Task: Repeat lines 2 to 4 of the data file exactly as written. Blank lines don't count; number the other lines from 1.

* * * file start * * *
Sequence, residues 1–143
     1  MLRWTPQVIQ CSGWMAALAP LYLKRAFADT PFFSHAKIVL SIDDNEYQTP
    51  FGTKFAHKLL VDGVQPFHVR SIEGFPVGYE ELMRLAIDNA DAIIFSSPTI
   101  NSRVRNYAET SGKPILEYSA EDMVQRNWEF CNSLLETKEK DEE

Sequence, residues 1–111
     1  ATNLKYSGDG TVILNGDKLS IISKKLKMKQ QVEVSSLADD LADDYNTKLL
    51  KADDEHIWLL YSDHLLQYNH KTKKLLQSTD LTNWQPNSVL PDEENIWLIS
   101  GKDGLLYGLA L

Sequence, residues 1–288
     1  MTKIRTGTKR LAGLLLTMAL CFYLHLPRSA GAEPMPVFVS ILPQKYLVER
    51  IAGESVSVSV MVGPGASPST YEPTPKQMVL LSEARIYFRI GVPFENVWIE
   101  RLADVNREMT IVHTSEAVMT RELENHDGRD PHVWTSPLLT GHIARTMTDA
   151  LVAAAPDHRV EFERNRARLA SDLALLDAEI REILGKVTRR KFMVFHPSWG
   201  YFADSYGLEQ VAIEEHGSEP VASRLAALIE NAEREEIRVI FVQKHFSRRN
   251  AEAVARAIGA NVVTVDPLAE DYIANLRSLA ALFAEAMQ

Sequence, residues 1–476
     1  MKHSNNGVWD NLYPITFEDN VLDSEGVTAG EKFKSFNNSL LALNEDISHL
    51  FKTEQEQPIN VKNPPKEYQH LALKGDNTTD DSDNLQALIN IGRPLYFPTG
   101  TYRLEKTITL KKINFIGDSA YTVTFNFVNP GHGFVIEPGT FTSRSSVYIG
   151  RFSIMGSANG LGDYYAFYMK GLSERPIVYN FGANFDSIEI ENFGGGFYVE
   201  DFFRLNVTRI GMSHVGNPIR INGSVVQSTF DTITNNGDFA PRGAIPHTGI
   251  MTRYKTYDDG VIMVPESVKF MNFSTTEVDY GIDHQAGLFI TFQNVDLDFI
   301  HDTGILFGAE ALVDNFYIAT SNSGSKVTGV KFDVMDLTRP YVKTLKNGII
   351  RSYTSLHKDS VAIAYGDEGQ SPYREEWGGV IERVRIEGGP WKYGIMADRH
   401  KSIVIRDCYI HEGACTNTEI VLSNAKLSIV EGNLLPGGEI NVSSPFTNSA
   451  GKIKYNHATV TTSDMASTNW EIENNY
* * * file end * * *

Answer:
     1  MLRWTPQVIQ CSGWMAALAP LYLKRAFADT PFFSHAKIVL SIDDNEYQTP
    51  FGTKFAHKLL VDGVQPFHVR SIEGFPVGYE ELMRLAIDNA DAIIFSSPTI
   101  NSRVRNYAET SGKPILEYSA EDMVQRNWEF CNSLLETKEK DEE